Citizens Metal, Barack Obama, gay news, Washington Blade

President Obama’s signature legislative achievement is again under attack by Republicans. (Washington Blade file photo by Michael Key)

The national gay group Log Cabin Republicans this week joined 21 conservative organizations, including some that oppose LGBT rights, in signing a letter calling on Congress to gut President Obama’s health care reform law.

The letter came shortly before the House began debate Friday morning on a bill introduced by Rep. Tom Price (R-Ga.) that would prohibit the Internal Revenue Service from becoming involved in any way in the implementation of the Affordable Care Act, including providing tax credits to individuals and small businesses to lower their health insurance premiums.

The bill, which Obama supporters say would effectively kill the health care reform law, marks the 40th attempt by House Republicans to kill the controversial law.

“I wanted you to know that today Log Cabin Republicans joined Americans for Tax Reform and a broad coalition of national conservative leaders as co-signers of a letter demanding that the United States Congress remove the Internal Revenue Service from any role in the implementation of the tyrannical Obamacare law,” Log Cabin Executive Director Gregory Angelo said in an Aug. 1 letter to the group’s members.

“The healthcare of the American people is one of the most personal and private aspects of our lives – even more so for LGBT Americans,” Angelo said in his letter. “Recent controversies about IRS targeting are bad enough, but with present scandals set aside, the last thing any member of the LGBT community needs is the IRS involved in any way in our heath care,” he said.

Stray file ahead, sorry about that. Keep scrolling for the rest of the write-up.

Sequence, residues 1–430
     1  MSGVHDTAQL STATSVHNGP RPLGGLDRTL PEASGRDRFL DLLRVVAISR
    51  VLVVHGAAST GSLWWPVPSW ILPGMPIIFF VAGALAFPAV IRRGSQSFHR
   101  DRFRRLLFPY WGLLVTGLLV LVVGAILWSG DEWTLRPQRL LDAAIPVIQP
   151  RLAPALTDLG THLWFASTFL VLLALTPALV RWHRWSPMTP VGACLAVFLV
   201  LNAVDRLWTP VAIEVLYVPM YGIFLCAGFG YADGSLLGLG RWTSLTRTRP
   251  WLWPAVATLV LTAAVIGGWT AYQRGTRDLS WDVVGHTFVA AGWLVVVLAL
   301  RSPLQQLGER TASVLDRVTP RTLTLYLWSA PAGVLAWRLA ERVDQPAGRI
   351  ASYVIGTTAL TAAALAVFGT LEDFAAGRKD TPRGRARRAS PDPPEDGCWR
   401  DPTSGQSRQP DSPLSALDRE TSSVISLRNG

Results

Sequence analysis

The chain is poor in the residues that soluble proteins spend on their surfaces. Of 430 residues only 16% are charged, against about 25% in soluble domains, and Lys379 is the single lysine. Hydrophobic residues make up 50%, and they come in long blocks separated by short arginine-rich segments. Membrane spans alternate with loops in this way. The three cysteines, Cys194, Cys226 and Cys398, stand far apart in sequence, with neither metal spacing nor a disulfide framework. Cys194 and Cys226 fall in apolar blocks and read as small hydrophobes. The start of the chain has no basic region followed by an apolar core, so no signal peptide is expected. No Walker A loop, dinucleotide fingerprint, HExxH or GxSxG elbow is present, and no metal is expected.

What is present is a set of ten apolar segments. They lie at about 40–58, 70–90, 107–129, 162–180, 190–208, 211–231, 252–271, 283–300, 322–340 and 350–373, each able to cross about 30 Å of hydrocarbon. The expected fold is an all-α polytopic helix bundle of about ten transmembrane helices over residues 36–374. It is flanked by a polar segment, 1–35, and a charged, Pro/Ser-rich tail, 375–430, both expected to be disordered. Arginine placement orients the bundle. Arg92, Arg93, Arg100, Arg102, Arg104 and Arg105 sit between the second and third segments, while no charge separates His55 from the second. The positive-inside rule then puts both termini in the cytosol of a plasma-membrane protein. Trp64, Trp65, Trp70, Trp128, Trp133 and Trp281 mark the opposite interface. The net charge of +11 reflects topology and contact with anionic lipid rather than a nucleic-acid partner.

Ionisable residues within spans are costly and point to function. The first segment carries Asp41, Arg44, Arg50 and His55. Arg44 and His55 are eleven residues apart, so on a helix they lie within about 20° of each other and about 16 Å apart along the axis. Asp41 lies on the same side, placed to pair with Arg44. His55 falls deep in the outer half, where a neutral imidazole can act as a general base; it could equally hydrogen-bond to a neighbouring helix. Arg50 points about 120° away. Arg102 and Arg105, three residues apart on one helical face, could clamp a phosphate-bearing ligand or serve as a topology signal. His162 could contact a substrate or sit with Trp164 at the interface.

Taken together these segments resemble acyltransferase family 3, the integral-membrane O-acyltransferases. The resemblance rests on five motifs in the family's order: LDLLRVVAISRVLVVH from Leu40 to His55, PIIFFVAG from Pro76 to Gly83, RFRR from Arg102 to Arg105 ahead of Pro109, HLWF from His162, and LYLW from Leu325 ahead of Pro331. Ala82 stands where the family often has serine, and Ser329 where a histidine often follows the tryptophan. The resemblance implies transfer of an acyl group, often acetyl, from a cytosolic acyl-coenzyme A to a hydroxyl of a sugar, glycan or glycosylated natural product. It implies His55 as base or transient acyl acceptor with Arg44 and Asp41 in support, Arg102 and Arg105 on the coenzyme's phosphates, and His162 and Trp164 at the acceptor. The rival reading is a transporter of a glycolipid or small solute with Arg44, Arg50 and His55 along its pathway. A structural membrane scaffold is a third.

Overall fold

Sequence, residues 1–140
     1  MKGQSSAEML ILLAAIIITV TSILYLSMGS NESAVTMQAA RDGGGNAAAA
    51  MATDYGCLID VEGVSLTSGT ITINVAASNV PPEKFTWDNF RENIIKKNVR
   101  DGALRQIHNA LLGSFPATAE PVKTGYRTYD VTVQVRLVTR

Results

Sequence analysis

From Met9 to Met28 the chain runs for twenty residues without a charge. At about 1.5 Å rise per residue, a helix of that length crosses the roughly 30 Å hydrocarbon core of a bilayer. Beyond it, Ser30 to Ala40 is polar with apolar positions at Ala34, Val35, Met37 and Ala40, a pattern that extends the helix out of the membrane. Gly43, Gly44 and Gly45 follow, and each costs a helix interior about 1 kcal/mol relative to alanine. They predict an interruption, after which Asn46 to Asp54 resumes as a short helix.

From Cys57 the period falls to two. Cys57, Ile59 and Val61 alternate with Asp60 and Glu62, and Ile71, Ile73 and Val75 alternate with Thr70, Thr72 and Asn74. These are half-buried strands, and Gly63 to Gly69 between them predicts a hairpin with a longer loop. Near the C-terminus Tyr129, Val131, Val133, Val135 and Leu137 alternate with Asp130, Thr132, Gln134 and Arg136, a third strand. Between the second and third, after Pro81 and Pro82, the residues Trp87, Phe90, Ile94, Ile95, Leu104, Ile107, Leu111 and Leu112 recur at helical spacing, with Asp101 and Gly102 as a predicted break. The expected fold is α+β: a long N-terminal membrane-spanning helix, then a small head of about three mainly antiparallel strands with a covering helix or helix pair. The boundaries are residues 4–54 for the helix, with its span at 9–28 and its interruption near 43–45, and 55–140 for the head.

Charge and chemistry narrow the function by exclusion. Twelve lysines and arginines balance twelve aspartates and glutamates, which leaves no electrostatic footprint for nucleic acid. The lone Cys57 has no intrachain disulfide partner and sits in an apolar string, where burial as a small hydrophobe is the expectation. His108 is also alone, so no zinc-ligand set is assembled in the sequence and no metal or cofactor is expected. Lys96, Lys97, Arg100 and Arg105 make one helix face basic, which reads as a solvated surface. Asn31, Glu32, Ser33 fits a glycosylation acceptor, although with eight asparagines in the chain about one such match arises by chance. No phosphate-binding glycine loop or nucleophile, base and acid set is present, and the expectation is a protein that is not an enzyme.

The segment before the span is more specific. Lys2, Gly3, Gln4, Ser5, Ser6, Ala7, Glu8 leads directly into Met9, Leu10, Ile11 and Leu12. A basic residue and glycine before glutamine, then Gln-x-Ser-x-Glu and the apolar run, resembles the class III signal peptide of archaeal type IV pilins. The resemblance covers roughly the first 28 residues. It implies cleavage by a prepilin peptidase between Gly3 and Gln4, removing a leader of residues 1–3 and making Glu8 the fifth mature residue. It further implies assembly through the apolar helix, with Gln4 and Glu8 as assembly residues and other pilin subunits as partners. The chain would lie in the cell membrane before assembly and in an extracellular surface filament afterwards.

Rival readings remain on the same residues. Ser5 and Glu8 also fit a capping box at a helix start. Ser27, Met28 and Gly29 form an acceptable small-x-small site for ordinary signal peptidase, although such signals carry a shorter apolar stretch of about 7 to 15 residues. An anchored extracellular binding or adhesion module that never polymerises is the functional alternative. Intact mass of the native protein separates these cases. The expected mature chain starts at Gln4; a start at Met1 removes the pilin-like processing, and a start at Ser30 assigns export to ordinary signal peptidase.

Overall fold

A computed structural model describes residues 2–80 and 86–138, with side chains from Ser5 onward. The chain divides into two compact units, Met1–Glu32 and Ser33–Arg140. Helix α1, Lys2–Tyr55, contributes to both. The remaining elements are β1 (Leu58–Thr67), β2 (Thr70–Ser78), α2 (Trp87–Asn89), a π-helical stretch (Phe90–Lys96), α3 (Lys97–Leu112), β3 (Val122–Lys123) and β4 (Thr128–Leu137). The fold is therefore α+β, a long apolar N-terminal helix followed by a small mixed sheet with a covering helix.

Angelo was referring to allegations that IRS officials gave greater scrutiny to conservative groups applying for a non-profit, tax-exempt status. A congressional investigation into the allegations prompted the IRS to apologize for the actions of a few officials who reportedly gave greater scrutiny to conservative groups. However, IRS officials said the agency also challenged tax-exempt applications of liberal-leaning groups.

Among the organizations co-signing the letter to Congress with Log Cabin were Concerned Women for America, which opposes virtually all LGBT rights legislation pending in Congress; the American Conservative Union, which barred Log Cabin and the gay conservative group GOProud from participating in its annual Conservative Political Action Committee (CPAC) conference in March; and Restore America’s Mission, which advocates against same-sex marriage.

Angelo told the Blade Log Cabin has made it clear that it doesn’t agree with the LGBT-related positions of some of the co-signers. But he said Log Cabin and each of the co-signers shares the strongly held position that the Obama health care reform law is harmful to the nation and should be repealed.

Angelo noted that the joint letter was initiated by Americans for Tax Reform leader Grover Norquist, who has been supportive of Log Cabin.

The House was scheduled to vote Friday on the Keep the IRS Off Your Health Care Act, known as HR 2009. The bill would prohibit the Secretary of the Treasury, who has jurisdiction over the IRS, from enforcing the Obamacare law, which is officially called the Patient Protection and Affordable Care Act.